Does Old or New Public Charge Rule Apply?

Does Old or New Public Charge Rule Apply?

Will the new public charge rule apply to cases that have just reached the National Visa Center?

Hi, I’m Jim Hacking, immigration lawyer practicing law throughout the United States out of our office here in St. Louis, Missouri. In 2018, the federal government greatly expanded the definition of the public charge.

So historically, the public charge is a concern that’s, in statute and in regulations, that the United States government wants to make sure that immigrants who come to the United States for lawful, permanent resident status, do not become public charges. That they are not going to come and just get government benefits; that they are coming to be productive members of society.

And typically, we’ve solved that issue by either demonstrating the person’s employability, and also by having someone sign an affidavit of support. If the U.S. citizen or the green card sponsor makes enough money, then they can be the sponsor on their own. Otherwise, they’re going to need a co-sponsor, and that would typically solve the situation.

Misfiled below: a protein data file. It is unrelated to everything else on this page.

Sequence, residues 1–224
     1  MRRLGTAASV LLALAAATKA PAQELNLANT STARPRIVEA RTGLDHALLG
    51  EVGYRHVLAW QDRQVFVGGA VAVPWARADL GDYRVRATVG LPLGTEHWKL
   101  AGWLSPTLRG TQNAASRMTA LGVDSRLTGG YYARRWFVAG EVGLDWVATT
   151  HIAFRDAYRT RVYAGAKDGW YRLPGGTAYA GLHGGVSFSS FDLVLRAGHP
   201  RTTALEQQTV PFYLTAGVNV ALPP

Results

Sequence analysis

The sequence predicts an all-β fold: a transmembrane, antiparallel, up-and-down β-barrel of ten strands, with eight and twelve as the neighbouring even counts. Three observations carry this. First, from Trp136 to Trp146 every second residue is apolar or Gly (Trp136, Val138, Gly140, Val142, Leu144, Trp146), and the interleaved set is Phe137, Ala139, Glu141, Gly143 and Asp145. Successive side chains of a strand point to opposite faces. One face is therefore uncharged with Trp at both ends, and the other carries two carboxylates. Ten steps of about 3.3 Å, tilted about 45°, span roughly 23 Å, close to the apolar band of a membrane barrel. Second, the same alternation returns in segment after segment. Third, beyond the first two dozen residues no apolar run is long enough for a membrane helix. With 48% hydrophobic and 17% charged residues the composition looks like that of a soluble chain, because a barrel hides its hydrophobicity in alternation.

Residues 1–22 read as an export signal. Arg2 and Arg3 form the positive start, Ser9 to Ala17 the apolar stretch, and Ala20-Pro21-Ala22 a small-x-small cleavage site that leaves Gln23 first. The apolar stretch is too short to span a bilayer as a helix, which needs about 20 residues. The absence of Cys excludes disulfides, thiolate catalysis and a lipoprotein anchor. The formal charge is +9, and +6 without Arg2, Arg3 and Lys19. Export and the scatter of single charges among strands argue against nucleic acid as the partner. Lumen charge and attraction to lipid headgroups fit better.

But now, there’s a new form and new procedures, and the government issued a new regulation that was over 850 pages long, that greatly expanded the definition of the public charge.

So it’s estimated that, to read that public rule, it would take about 16 hours, and the government is making it much, much harder for people to come to the United States. And so a lot of people are concerned; “Well, if I filed my case, my I-130, before that rule went into effect…” And the effective date of that was February 24th, 2020.

That if you had your application on file before, then the new rule is not going to apply for you. You still have to comply with the old rule, but this new monster, behemoth, pain in the butt rule is not going to apply for you.

You still have to demonstrate that you’re not going to be a public charge, but the rule itself does not apply to your application, because you had it filed beforehand.

So we hope this answers your question.

If you have questions about public charge, if you’re worried about your spouse, whether they’re going to be able to satisfy the new conditions of the public charge, or even the old conditions of the public charge, give us a call at (314) 961-8200.

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